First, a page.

Owing to the long weekend (Oct 2-6), it was indeed a task to plan for this trip to the south. Due to the heavy rush, it was a challenge to get bookings at each of these locations, therefore I’d say this trip was planned not so much by logic, but as per availability of accommodation. Hence, we spent 2 nights at Pollachi (from here we travelled to Parambikulum), 2 nights at Valparai (travelled to Vazhachal forest too from here) and 1 night at Topslip. One of the main target for this trip was to see, photograph and video shoot the Lion-tailed macaques.
After a late night arrival at Pollachi, our trip started the next morning with a safari drive in Parambikulum TR. This was a nice and easy drive through the forest (in the FD’s bus, no private vehicles allowed) where we could stop at various places to look at the dams, the bridges, some huge and old trees and also for a quick breakfast. We did come across the usual suspects like the spotted deer, peafowls, gaurs, and a single elephant. On our way back we stopped at the Topslip forest dept office (one has to pass through Topslip to reach Parambikulum TR) to confirm our acco bookings for the day after.
The next day we packed up and left for Valparai. On our way we passed through tea estates and residential areas. As we kept looking out for sign boards towards our resort, we suddenly came across a Stripe-necked mongoose very close to a house, foraging on the garbage dump. Instantly we asked our driver to stop and we quickly jumped out with our cameras. However, before we could reach the spot, the mongoose had disappeared. A bit disappointed, we turned around towards our car and there we see our first sighting of the Lion-tailed macaques!! Thrilled to see them so close to ourselves and to the road, I started clicking and video shooting them so that I could grab as much as possible of them before they’d go into the forest. However, to my surprise, these fellows (about 5-6 individuals) kept walking around the house, foraging on the garbage dump, eating some grubs from the ground and drinking water from a tap nearby. They seemed to be so comfortable with the presence of human beings that they would even climb rooftops, walk amongst people and even cross roads. After spending about an hour with these individuals, we were quite happy for this lifer sighting and thus continued our journey to Vazhachal forest (Kerala). This forest is very different from the landscape that one would see at Valparai.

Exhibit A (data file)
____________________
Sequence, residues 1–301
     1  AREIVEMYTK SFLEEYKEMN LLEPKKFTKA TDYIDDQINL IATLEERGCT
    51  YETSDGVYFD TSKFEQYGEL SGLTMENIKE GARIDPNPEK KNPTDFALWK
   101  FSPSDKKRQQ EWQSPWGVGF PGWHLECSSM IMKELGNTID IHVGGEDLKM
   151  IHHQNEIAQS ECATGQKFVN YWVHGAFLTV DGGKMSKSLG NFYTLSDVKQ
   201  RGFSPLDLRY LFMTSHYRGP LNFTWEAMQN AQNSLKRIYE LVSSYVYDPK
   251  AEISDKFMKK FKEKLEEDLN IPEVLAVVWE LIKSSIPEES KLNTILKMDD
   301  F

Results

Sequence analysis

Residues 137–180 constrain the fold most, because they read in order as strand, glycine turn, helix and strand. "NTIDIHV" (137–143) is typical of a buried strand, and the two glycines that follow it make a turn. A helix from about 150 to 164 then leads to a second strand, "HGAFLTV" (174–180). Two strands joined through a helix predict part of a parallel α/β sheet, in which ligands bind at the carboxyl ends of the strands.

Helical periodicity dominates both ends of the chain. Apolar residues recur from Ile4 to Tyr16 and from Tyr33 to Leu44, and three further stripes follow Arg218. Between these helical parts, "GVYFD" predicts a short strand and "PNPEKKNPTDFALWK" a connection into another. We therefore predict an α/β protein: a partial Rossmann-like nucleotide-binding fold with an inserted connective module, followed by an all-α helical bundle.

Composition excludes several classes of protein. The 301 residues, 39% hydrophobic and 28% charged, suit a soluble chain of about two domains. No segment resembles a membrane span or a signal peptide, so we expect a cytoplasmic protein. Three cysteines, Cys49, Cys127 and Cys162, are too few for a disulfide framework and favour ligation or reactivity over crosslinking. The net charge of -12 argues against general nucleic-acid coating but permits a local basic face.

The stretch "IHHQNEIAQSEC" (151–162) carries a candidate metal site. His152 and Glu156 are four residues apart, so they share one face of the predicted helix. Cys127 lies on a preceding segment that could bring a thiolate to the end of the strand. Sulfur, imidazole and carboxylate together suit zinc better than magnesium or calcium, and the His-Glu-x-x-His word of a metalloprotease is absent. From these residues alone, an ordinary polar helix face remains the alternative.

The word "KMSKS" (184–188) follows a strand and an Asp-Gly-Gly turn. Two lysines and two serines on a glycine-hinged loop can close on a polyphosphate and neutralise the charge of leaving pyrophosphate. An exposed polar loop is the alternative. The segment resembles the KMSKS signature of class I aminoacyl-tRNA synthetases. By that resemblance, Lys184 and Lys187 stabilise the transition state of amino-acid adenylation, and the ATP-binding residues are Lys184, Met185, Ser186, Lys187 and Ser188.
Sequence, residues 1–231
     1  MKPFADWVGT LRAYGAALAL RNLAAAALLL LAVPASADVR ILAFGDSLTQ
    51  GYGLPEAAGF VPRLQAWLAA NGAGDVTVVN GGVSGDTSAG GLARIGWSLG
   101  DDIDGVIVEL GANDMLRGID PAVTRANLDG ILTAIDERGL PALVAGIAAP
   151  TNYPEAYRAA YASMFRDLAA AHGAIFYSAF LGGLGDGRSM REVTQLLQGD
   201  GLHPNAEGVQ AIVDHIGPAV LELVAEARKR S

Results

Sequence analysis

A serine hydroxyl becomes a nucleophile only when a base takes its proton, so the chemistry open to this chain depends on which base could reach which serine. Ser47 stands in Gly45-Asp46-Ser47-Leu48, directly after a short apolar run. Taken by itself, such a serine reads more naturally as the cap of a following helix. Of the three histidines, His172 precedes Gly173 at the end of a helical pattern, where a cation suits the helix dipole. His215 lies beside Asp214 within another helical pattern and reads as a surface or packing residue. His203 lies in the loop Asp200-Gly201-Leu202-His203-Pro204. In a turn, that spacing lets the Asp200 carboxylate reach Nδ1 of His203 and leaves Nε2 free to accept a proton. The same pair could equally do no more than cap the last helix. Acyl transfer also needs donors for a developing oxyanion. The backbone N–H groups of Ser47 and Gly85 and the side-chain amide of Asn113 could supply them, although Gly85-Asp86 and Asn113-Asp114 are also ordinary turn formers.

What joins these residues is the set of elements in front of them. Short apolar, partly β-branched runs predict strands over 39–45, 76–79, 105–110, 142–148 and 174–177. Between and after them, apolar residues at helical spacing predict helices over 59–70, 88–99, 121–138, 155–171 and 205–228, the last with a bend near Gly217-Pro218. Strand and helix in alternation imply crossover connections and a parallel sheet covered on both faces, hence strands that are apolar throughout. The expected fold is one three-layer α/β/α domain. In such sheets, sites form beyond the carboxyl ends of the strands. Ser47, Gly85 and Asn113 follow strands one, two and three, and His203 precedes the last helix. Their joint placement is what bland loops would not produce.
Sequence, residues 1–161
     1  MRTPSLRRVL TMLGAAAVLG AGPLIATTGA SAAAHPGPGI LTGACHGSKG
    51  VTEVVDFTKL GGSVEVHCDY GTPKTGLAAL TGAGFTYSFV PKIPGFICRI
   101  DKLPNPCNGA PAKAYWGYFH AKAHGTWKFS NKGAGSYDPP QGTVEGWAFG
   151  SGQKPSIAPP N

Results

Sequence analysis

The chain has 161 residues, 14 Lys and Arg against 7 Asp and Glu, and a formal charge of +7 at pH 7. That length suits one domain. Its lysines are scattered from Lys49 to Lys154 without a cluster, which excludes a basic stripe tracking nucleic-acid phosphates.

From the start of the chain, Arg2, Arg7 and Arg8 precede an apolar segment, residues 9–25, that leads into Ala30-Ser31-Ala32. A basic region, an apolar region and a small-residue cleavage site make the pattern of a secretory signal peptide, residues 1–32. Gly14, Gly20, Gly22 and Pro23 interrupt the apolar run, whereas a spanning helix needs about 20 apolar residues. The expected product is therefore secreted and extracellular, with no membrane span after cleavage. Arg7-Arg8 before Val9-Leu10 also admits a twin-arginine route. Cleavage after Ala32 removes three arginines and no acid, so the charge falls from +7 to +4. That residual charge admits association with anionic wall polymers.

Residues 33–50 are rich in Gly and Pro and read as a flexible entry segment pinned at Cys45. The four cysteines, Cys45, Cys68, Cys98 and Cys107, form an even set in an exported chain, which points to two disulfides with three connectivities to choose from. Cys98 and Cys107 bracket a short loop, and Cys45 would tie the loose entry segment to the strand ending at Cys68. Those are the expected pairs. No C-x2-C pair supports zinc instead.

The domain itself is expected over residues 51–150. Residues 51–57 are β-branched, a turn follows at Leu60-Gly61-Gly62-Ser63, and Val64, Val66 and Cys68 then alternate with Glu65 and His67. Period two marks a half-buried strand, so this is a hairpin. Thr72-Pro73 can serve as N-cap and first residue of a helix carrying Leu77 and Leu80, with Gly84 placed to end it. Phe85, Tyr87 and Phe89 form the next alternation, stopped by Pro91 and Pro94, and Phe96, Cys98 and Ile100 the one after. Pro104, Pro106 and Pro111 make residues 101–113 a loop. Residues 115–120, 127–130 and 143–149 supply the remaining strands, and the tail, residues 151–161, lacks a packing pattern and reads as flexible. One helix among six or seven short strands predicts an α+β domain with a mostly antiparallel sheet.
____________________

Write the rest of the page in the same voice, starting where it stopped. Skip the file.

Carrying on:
One has to exit the Tamil Nadu state check post and enter the Kerala state check post inorder to enter the Vazhachal forest. Here you’re allowed to walk on the main road. However, the entry and exit at these check posts is restricted from 6:00am to 6:00pm only. Since it was around 4pm, we’d missed much of the birds in this area and hence decided to come again the next morning for a quick round of birding. The highlight for us in this area was a pair of Malabar Giant Squirrels feeding on the large and prickly fruits of Cullenia exarillata (Bombacacae). We could see them removing each thorn carefully and throwing them away before they could feed on the soft inner parts of the fruit.